Friday, January 18, 2008
Elisabeth Chojnacka, Goddess of the Modern Harpsichord
Since there were $20 rush tickets available at the San Francisco Symphony on Thursday evening, I decided to be adventurous and check out the program because they were playing a piece by the recently deceased Greek composer/architect/mathematician Iannis Xanakis whose difficult music is famous but I'd never heard a note of it.
The concert started off with J.S. Bach's Orchestral Suite No. 2, which is basically a 25-minute flute concerto consisting of a series of dances in eight movements. Though I wasn't crazy about conductor Tilson-Thomas' way with Bach, the flute soloist Tim Day was marvelous, and by the final movement the piece came together beautifully.
The Xenakis piece was called "A I'lle de Goree" (I'm missing lots of accent marks in there) and was a twenty-minute concerto for amplified harpsichord and a chamber ensemble of about sixteen musicians consisting of a few strings with brass and woodwinds. It was sensational.
Tilson-Thomas gave a short lecture before the piece that was graceful and informative as he explained what to listen for in terms of its "pointillistic rhythms," and the fact that it was an "attractive" piece, and then he introduced the harpsichord soloist Elizabeth Chojnacka, for whom the music had been written by the composer in 1984.
Not only did Ms. Chojnacka have the most outrageous hairdo I've ever seen at Davies Hall, the 67-year-old legendary performer of contemporary music in her San Francisco debut gave one of the wildest and greatest performances I've ever heard of anything. Forget the Rachmaninoff piano concertos. They are child's play compared to this piece, and Ms. Chojnacka played it with a mixture of sensitivity and outright abandon.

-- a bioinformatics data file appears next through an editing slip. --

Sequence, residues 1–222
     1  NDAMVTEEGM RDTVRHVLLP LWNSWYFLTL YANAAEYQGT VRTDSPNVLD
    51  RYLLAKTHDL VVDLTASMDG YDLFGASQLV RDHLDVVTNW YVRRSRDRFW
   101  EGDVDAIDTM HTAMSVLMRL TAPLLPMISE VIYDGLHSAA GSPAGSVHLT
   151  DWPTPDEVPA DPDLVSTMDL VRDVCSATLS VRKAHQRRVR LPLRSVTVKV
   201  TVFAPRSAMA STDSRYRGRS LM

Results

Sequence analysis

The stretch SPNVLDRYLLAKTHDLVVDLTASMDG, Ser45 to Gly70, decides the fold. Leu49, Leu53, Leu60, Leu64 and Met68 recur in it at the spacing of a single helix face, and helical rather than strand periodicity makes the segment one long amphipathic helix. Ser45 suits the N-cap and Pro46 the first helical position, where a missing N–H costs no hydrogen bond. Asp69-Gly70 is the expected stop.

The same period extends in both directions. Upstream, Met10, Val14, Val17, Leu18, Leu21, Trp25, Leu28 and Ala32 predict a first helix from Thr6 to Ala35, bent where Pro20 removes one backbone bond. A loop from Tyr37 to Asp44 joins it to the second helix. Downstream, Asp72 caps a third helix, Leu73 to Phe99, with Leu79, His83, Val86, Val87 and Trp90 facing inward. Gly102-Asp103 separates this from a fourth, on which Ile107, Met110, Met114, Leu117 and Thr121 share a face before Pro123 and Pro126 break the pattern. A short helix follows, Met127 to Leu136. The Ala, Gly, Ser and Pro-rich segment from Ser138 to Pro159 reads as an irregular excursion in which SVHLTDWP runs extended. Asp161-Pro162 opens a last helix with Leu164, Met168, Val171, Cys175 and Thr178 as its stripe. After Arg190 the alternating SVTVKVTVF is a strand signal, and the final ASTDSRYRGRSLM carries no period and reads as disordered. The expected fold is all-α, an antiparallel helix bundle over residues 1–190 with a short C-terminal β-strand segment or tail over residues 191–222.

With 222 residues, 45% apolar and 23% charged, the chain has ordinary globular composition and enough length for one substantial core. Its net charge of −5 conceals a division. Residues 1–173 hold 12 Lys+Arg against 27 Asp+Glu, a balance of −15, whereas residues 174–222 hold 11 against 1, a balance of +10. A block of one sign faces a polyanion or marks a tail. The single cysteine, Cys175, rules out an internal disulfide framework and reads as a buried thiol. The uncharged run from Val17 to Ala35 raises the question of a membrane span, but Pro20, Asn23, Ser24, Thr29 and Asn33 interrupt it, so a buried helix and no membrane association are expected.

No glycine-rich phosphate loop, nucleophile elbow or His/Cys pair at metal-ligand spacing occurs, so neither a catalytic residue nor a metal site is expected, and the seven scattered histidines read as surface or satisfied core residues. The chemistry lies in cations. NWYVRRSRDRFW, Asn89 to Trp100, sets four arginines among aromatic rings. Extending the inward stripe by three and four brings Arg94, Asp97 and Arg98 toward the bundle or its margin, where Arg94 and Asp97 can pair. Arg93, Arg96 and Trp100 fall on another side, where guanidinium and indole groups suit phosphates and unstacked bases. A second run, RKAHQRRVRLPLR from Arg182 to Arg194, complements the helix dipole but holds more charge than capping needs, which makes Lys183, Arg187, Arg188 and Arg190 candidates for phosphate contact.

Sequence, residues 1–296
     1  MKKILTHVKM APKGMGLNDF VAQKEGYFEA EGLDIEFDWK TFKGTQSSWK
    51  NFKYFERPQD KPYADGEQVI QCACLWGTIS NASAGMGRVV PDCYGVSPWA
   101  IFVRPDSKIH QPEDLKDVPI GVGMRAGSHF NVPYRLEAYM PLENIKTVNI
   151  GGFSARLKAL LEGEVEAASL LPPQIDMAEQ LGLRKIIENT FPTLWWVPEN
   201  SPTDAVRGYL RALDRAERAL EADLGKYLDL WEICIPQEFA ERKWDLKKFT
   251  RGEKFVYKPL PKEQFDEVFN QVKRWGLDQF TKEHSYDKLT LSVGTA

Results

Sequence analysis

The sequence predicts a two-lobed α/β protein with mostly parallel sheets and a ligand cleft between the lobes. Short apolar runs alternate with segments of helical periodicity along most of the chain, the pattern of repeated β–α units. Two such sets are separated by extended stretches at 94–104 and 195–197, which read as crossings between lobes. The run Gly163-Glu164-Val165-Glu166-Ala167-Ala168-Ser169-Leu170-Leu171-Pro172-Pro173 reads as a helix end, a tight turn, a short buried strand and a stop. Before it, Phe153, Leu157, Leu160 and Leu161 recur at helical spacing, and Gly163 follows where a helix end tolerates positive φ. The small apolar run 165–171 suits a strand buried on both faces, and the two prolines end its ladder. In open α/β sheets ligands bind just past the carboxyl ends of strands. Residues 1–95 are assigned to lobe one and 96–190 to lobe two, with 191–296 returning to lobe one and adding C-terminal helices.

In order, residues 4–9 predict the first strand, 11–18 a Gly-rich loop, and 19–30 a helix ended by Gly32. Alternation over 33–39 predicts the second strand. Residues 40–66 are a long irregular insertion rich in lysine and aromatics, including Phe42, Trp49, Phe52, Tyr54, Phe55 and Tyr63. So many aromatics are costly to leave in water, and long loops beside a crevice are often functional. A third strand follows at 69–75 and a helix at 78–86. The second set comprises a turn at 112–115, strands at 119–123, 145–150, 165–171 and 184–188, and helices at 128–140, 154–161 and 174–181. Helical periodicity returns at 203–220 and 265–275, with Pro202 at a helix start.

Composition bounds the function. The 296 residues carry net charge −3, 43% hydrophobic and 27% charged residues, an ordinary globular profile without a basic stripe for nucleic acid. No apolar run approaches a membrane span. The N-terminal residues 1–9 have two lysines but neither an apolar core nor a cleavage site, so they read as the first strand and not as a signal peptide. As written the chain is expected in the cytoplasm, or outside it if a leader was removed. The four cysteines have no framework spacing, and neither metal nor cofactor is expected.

Tilson-Thomas stood behind her and the harpsichord, conducting the chamber ensemble, but at certain moments Ms. Chojnacka was leading the entire group as if she were a jazz or rock bandleader, varying tempos with a fine sensitivity to the other players. Plus, there were so many notes that she had a special score made up of about a dozen wide pages, and at the end of each page, she matter-of-factly tossed it onto the stage floor, something else I've never seen at Davies Hall.
I didn't stay for the second half with the orchestra playing Schubert's "Great" C Major Symphony because I'm getting old and can only handle so much stimulation in one evening, but I'm sure the performance was lovely. If you get a chance, check out the legandary Chojnacka, who will be repeating the program on Friday and Saturday evenings.